Thursday, August 17, 2017

Seven grocers in top 30 U.S. private companies

Forbes published its 33rd annual ranking of America's largest private companies, and seven grocers landed in the top 30. (Cargill topped the overall list, with $109.7 billion in sales, followed by Koch Industries).

Albertsons, with several banners including Albertsons, Safeway and Acme, is third on the overall list and the top grocer, with $59.7 billion in sales and 273,000 employees.

Also on the list:

#7: Publix Super Markets
#10: C&S Wholesale Grocers
#12: HE Butt Grocery (H-E-B)
#16: Meijer
#25: Southeastern Grocer (Bi-Lo, Harveys, Winn-Dixie)
#27: Hy-Vee

Target focusing on grocery and new delivery service

Target announced earlier this week that it hired executives from Walmart and General Mills in an effort to boost its grocery business.  The company also announced that it would buy delivery logistics company Grand Junction so it could offer same-day delivery service to in-store shoppers.

Target and rival Walmart are continually making efforts to compete more successfully with Amazon, the leader in online sales and a growing force in the grocery business.

Target says they plan to start the delivery service at some New York locations, and then bring it to other major cities next year. Eventually it plans to use Grand Junction's software to speed up the delivery time for online orders.

Wednesday, August 16, 2017

Aldi to add Instacart online shopping in select markets

Aldi announced Monday that it would begin offering online ordering and delivery later this month via Instacart in Atlanta, Dallas and Los Angeles, with "potential for future expansion."

Instacart currently serves nearly 40 markets in 25 states, and provides online ordering and delivery for companies like Whole Foods, Wegmans, Giant, and others.

Report predicts that traditional supermarkets will decline rapidly

A report released by Inmar predicts that nearly one in four traditional grocery stores won't be around in five years. Inmar is an analytics and technology-enabled service provider in the retail space.

The report concludes that dollar share for traditional supermarkets will continue to decline through 2021, while fresh, limited assortment and warehouse stores will gain in dollar share and store count over the same period. In addition, food e-commerce is projected to grow at a rapid pace.

According to the report, store counts will decrease over the next five years by nearly 25% from about 25,000 to 19,000, while dollar share for traditional supermarkets will decrease from 36.5% to 33.7%.

The drug store is the only other significant channel projected to see a decrease in dollar share (-0.6%).

Inmar predicts that e-commerce food sales will more than double by 2021, from $33 billion, or 4% of the current food and beverage market, to $70 billion, or 8% of the projected market.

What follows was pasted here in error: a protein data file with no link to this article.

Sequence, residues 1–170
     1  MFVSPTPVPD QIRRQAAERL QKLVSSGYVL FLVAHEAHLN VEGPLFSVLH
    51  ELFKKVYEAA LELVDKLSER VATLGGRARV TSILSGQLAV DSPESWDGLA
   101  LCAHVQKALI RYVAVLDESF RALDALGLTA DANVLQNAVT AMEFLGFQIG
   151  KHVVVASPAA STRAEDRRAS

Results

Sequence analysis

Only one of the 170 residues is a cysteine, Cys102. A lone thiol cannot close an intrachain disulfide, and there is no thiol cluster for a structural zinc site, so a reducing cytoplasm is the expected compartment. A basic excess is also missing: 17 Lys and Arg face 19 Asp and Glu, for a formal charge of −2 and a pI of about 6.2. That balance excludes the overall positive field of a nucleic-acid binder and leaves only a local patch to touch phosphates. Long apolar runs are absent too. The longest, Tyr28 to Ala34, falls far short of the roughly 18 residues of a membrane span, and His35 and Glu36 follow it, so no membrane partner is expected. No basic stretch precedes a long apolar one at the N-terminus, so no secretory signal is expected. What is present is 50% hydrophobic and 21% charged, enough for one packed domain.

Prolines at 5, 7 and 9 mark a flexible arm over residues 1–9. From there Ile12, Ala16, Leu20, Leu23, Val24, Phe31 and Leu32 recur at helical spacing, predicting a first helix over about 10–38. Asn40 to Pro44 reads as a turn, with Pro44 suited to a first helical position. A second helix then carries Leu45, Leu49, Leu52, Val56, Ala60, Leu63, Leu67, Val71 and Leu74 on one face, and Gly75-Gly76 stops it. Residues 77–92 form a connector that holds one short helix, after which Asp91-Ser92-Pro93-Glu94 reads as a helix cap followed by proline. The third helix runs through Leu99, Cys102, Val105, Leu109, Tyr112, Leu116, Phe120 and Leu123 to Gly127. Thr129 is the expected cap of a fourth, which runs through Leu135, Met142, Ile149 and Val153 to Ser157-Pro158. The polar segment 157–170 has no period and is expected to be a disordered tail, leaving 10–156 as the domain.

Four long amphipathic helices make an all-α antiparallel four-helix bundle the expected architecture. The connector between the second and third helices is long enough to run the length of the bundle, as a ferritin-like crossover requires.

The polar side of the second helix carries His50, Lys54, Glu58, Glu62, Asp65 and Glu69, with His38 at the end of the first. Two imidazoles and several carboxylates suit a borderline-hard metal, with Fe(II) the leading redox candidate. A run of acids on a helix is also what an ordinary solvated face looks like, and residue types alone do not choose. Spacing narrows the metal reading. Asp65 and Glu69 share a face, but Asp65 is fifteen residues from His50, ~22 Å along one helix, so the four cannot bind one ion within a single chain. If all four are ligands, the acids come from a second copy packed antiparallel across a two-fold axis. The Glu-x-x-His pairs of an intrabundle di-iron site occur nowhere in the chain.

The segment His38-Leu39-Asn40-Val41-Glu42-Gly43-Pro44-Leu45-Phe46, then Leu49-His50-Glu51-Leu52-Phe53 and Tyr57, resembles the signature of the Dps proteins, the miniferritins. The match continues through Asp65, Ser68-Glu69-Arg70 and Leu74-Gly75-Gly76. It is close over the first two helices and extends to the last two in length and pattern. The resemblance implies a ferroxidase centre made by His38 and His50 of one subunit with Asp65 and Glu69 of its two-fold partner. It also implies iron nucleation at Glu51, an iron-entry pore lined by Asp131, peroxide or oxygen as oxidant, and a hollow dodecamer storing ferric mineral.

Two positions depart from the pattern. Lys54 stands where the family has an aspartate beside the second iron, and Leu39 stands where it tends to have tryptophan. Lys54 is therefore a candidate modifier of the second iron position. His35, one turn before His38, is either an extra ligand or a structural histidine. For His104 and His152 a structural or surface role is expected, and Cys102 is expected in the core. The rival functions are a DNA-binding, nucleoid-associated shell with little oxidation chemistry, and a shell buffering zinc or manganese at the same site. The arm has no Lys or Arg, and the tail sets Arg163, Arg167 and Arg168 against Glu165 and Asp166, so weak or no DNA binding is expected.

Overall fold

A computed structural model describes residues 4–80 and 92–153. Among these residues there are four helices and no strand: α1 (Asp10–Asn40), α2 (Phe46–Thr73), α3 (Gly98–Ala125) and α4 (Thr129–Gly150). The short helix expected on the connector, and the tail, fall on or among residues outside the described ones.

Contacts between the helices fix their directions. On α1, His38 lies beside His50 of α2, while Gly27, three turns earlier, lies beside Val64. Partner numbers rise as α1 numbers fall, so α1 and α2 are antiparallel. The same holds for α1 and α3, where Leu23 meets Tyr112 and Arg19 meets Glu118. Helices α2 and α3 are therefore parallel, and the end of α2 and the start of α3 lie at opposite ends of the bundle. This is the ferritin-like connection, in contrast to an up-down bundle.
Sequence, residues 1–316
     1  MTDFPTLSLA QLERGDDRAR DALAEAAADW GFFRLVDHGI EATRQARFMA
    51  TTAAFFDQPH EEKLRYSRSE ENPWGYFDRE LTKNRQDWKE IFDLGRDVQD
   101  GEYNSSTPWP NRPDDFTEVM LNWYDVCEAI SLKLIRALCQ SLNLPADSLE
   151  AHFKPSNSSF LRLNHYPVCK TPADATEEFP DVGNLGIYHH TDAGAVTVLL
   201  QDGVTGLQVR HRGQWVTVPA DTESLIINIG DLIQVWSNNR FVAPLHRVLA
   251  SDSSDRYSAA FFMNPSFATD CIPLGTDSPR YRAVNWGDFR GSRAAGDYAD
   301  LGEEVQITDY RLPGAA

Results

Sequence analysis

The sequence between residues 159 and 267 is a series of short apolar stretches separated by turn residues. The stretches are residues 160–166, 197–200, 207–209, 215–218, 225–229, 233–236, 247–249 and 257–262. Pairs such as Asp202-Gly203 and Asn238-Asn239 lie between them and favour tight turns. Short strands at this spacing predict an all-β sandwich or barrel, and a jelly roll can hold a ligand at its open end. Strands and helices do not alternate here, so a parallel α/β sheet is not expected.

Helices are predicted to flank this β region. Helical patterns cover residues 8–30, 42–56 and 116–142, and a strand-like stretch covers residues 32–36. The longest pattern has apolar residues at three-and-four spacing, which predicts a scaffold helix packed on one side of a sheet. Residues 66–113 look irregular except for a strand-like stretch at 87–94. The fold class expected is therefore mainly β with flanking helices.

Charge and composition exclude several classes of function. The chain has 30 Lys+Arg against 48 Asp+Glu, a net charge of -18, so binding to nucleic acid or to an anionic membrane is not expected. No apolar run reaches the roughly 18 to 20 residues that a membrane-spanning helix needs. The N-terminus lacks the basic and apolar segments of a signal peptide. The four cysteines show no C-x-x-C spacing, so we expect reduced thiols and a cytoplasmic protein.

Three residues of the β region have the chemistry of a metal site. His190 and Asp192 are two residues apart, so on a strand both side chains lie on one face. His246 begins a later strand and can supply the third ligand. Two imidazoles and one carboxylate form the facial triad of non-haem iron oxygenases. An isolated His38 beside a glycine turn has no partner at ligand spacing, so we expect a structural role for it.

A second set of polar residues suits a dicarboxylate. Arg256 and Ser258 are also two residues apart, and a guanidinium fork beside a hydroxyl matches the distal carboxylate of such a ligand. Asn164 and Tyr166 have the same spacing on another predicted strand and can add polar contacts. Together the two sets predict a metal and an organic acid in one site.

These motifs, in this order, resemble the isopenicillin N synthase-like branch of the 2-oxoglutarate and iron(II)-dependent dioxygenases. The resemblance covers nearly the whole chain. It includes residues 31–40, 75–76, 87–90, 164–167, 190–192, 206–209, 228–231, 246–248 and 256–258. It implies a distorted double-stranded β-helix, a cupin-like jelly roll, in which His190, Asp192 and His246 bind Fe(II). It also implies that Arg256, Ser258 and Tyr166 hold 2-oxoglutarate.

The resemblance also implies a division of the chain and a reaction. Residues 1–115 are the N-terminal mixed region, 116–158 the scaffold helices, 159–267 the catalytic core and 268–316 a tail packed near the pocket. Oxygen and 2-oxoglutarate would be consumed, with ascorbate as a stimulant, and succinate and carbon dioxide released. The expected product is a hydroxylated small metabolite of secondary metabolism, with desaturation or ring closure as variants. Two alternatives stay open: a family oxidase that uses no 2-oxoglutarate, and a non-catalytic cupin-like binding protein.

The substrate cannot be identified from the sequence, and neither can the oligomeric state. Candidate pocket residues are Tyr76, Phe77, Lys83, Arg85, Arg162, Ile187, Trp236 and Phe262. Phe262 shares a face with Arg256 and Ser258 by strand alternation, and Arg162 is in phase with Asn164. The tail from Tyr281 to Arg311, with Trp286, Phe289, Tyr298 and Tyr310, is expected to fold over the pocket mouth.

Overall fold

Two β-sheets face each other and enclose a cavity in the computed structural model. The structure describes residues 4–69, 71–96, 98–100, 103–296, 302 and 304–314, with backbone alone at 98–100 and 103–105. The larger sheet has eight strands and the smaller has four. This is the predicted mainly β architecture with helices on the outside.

Limited assortment stores like Aldi, Trader Joe's and Save-A-Lot will grow by more than 21% or nearly 1,000 stores over the next five years, while their dollar share increases from 3.1% to 4.4%, according to the report.

Monday, August 14, 2017

Survey shows that 9% of households shop for groceries online

According to Gallup's annual Consumption Habits survey, just 9% of adults in the U.S. report that their household shops online for groceries at least once a month. On the other hand, almost all Americans report that someone in their family shops in person for groceries at least once a month, with 83% percent going at least once a week.

Also:

15% of U.S. adults between 18 and 29 say they purchase groceries online at least once a month. The numbers decrease to 12% for those 30-49,  10% for those 50-64, and 2% for those 65 and older.

Not surprisingly, working adults are twice as likely as those who are not working to shop for groceries online.

Wednesday, August 9, 2017

Walmart reacting to Lidl with aggressive pricing

Reports state that Walmart is reacting "quickly and aggressively" to Lidl's entry into the U.S. market. According to its website, Lidl now has 21 stores open in three states - North Carolina, South Carolina and Virginia - with plans in the next year for as many as 100 more in states from New Jersey to Georgia.

Since its first U.S. stores opened in June, Lidl has been hailed as the low price leader along with rival Aldi. But according to Rupesh Parikh, an analyst at Oppenheimer & Co., "Walmart is being really aggressive in terms of watching what Lidl, and presumably Aldi, are doing, and you can tell they are in a fight and not willing to give up customers."

"We found Walmart prices on like-for-like items were very compettive with both Lidl and Aldi," Parikh said.

Parikh also reported that several other retailers in current Lidl markets were reacting with lower prices, including Food Lion, Family Dollar, Dollar General and Target. The most aggressive pricing by all the food retailers has been in the private label category, which Parikh believes could lead to higher margins on other products in order to keep overall profits from falling.

Lidl's next U.S. market is likely to be Texas, where the German company recently opened a number of offices.

Sprouts expands relationship with Amazon

Despite speculation that Amazon's partnership with Sprouts Farmers Market may end due to the online giant's pending acquisition of Whole Foods, last week Sprouts confirmed plans to expand its relationship with Amazon Prime Now.

"Our partnership with Amazon Prime Now continues to grow," said Sprouts CEO Amin Maredia. "We will be delivering Sprouts products through the Prime Now service to over 20 locations across many of our major markets by year end."

Sprouts operates 260 stores in 15 states.